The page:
Civica’s recent report titled ‘Changing Landscape: Digital Transformation’ found that 93% of local government organisations identified availability of field tools and mobile applications as critical to their organisation. In the public sector, mobile technology is transforming processes by giving field workers access to tools that improve efficiency and productivity, resulting in time and cost savings for government departments and local councils. As an offshoot of this, citizens gain access to better, faster, more accurate service delivery.

In the face of increasing public pressure for greater transparency and reduced costs, government workers are now increasingly connected to office systems while in the field and accessing data on the go. Having this kind of situational awareness through mobility ensures that, for example, field workers can work more efficiently and citizens can gain real-time access to critical information or immediate updates to concerns or service requests.

Moreover, the shift towards ‘on-demand’ citizens who want e-government services delivered at high speed is most evident in the way governments are now looking to interact with their citizens. Mobile technology offers citizens easy, anytime and anywhere access to public services. From submitting an application, to paying a bill, to receiving an update, accessing services is now much more convenient. For example, the City of Rockingham recently launched an online community portal known as ‘Rock Port’, which enables users to interact with various council services from anywhere, at any time.

Despite such initiatives, many Australians remain unhappy with the public sector’s digital service delivery. In fact, recent research from Riverbed has found that 56% of Australians are dissatisfied with government digital services.

At the same time, there is increasing emphasis on the use of mobile working in government to improve organisational productivity and effectiveness to offer better service delivery. More than 80% of global workers believe that technology enables further productivity. From remote access to collaborative real-time updates, Australian government departments are looking to embrace this change.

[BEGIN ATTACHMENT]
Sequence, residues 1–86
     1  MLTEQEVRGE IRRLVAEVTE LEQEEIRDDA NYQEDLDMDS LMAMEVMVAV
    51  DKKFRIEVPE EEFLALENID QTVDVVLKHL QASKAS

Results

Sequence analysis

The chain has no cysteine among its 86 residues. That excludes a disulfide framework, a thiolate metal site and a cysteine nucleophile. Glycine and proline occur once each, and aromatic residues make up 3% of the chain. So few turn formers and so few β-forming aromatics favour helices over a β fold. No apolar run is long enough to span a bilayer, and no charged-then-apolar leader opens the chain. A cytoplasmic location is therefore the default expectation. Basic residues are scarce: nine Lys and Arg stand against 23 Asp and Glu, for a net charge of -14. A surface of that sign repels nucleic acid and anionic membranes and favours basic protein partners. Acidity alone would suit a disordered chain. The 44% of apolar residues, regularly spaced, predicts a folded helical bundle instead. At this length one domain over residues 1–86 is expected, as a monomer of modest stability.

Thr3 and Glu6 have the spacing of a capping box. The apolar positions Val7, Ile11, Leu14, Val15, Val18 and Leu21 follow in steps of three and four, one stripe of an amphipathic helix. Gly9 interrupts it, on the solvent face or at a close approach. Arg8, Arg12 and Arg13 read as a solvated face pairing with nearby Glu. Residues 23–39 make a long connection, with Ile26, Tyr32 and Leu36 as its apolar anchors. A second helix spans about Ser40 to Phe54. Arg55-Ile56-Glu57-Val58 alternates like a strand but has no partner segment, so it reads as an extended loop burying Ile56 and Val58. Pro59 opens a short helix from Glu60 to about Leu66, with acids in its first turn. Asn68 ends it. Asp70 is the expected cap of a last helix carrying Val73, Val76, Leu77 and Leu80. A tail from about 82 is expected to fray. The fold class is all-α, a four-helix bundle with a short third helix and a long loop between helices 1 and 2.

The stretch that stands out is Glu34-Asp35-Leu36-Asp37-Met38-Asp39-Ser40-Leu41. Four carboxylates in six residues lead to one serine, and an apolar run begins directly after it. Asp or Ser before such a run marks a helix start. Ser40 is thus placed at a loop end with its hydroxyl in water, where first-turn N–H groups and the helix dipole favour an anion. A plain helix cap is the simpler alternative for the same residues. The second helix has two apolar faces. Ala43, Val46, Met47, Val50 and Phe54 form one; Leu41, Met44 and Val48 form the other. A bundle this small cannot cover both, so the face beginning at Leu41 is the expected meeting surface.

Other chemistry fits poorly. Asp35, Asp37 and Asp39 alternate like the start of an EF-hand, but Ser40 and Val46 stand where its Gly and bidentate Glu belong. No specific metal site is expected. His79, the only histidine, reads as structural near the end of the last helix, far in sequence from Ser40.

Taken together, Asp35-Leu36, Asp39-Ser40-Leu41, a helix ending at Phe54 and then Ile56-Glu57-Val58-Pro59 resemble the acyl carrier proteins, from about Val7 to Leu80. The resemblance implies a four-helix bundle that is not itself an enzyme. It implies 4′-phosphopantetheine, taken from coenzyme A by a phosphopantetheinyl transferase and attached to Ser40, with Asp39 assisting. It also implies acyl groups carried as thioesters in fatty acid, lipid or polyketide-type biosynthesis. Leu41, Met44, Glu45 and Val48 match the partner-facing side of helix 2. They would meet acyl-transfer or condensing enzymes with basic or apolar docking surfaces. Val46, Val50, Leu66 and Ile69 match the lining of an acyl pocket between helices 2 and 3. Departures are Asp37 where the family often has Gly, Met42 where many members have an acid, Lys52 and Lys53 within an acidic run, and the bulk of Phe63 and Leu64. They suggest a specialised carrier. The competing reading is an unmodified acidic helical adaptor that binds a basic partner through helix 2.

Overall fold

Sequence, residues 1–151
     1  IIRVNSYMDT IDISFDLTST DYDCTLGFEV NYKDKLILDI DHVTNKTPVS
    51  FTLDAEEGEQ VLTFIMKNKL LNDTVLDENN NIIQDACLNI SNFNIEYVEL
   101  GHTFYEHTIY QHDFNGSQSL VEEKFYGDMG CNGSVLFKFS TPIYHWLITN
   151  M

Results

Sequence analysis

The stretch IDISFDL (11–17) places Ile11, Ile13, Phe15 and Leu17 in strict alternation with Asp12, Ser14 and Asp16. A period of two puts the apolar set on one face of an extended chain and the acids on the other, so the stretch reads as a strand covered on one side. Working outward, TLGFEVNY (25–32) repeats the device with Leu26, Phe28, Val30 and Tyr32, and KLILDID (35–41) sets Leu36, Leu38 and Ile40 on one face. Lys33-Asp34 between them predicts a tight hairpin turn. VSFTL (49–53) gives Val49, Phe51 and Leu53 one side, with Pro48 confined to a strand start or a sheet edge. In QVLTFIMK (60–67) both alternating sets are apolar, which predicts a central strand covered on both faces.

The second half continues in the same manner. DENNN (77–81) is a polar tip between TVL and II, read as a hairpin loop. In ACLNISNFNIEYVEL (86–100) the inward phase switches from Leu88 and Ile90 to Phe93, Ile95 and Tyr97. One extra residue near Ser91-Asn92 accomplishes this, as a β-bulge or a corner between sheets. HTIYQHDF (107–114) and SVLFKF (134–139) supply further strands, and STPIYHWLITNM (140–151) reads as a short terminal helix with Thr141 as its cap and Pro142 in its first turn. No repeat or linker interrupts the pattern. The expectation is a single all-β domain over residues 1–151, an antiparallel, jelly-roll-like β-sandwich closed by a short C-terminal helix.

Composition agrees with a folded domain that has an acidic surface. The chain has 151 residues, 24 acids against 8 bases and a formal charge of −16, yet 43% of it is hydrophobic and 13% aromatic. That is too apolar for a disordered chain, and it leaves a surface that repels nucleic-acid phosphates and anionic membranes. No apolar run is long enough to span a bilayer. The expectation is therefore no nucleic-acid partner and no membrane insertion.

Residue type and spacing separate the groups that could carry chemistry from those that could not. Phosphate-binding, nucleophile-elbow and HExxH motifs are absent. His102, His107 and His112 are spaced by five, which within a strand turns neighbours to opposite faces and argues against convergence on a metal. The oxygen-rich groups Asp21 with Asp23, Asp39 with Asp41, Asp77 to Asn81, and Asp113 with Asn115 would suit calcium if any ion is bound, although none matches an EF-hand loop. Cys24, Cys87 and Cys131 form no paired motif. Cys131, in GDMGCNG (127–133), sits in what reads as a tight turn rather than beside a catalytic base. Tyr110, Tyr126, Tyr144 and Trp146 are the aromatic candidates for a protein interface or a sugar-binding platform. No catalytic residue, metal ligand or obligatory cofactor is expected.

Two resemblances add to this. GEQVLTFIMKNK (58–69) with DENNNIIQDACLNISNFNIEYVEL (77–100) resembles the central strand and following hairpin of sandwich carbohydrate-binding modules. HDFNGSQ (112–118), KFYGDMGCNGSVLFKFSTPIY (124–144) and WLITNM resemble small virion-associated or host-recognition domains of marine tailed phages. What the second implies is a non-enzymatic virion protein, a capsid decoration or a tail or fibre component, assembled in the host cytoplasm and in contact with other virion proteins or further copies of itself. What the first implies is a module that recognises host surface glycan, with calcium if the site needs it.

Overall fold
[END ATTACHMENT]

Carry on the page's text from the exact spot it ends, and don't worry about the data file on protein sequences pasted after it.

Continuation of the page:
And like private sector organisations, governments want an increasingly productive workforce that is delivering services outside as well as in the office.

For example, many field workers are now equipped with mobile phones and tablets to conduct inspections and update customer records even on the move. These allow them to receive and action tasks, schedule them and capture other critical information without having to return to the council office or depot. In the meantime, residents get status updates in real time and ensure a speedy processing of their requests. Meanwhile, this enables citizens to provide real-time feedback, which can then be rapidly actioned by key decision makers.

However, councils and government departments must understand that mobile working requires a change in mindset – implementation is not just an installation of a new system; change management will also be necessary. For public sector organisations willing to embrace digital transformation, a mobile implementation strategy is essential to meet changing citizen demand and greater transparency regarding costs and services. While it may be tempting to focus on the mobile customer experience, having mobile capabilities integrated into back-end systems is the first step in offering a holistic customer experience.

As mobile working continues to evolve, the key to transformation is preparation – it’s imperative for Australian public sector organisations to have implementation strategies in place to support mobile working and service delivery redesign.